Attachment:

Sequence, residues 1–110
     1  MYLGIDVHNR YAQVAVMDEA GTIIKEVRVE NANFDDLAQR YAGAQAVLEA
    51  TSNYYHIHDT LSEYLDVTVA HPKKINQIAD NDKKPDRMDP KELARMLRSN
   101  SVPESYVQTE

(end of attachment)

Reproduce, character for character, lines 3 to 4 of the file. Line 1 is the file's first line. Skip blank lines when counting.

    51  TSNYYHIHDT LSEYLDVTVA HPKKINQIAD NDKKPDRMDP KELARMLRSN
   101  SVPESYVQTE